?c?ryas – Why do they exist?

Ācārya is commonly understood as ‘one who teaches by example’. His basic duty is to spread a bona fide religious system and induce people to bow down to the Supreme Lord. They personally follow the orders of the Supreme Personality of Godhead and thus model real religious principles (see Srimad Bhagavatam 4.28.48 purport). By Krishna’s arrangement the acaryas lead, by example and precept, those enveloped in the darkness of ignorance. Krishna is kind to his parts and parcels so He sends us leaders to help show us the way home.

Sometimes we take advice from folks who aren't aware of their life's purpose. For instance, if I need to fix my car I'd much rather go to someone who is expert than try myself. Whether or not he can existentially place himself in perspective has little bearing on his ability to advise me on such a matter.

When we seek advice for how to deal with other individuals, however, we need to use more discrimination. Dealing with people, what to speak of leading or organizing them, requires far more spiritual sensitivity. This sensitivity develops proportionately to our own spiritual awareness. The more Krishna conscious we are, the more aware we become of the dormant spiritual yearnings in those whom we come in contact with.

If, on the other hand, a person’s consciousness is covered by impersonalism (read: not chanting Hare Krishna) then, whether they can detect it themselves or not, their social outlook will be fatalistic and mechanistic. When such a person posits theories on social development, leadership, or self-improvement then these views are unavoidably tainted by impermanence and atheism.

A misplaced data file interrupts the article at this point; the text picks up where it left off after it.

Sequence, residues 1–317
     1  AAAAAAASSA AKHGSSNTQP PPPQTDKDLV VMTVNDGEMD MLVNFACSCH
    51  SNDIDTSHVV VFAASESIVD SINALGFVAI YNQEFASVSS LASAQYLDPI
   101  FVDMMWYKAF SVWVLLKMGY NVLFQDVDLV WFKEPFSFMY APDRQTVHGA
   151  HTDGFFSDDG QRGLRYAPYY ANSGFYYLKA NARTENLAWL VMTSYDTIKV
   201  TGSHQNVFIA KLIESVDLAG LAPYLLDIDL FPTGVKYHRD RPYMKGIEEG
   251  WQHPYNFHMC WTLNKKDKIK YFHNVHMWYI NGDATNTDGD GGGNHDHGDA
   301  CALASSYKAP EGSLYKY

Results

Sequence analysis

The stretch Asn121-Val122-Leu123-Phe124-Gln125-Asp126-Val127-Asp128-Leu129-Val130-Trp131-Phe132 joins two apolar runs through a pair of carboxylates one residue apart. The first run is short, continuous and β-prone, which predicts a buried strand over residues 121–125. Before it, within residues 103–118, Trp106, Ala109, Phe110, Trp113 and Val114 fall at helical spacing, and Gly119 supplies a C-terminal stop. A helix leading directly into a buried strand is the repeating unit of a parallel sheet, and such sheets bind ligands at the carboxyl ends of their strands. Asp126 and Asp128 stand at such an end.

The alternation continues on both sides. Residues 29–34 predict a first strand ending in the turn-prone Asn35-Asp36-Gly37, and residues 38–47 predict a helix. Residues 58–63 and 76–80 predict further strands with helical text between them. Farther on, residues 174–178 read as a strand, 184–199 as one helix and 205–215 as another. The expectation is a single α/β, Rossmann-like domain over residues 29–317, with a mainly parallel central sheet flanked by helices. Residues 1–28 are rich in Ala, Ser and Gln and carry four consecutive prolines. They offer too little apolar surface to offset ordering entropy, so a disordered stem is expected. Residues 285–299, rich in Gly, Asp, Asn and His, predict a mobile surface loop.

The question then arises whether or not such theories on leadership and social organization are of much value to devotees when we have an abundance of not only effective but spiritually empowered leadership examples within our own tradition. In a sense, its an insult of negligence to think that we need to rely upon the advice of the blind when we have been given the opportunity to associate by vani with the personalities specifically sent to teach, inspire and lead us. Some of us even take initiation into such a line of authority and thus voluntarily become responsible for keeping this authority intact by our own example and precept.

So is it seditious to read a modern book on leadership? Personally, I don’t think so. There may be something useful there according to time, place and circumstance. I do think, however, that we have to keep such association in perspective considering the authors’ qualification.

Here’s a rule of thumb that may serve as a guide when taking such association, “Does this person know who they are? Even theoretically?”

Granted, a participant in a sub-theistic tradition (upadharma) may have a dim notion that they are servants of God but can they demonstrate and articulate this identity like the acaryas in our Gaudiya line?

Here’s a timely illustration:

“ANYONE hoping the Dalai Lama would divulge the meaning of life at his public talk in Sydney yesterday would have been disappointed.

"The precise answer is, I don't know," the smiling Buddhist monk said when the question was put to him by a reporter.”

Here is an honest man and I respect him as such. I think he even recently took up vegetarianism again. (or maybe not)

So, if we are inflicted with a hunger for leadership then we should take this desire to the Deity and ask Him to use this desire in His service. At that point we should be sensitive to advice from devotees as often this is the medium by which Krishna reciprocates with our direct requests and directs us accordingly.

 


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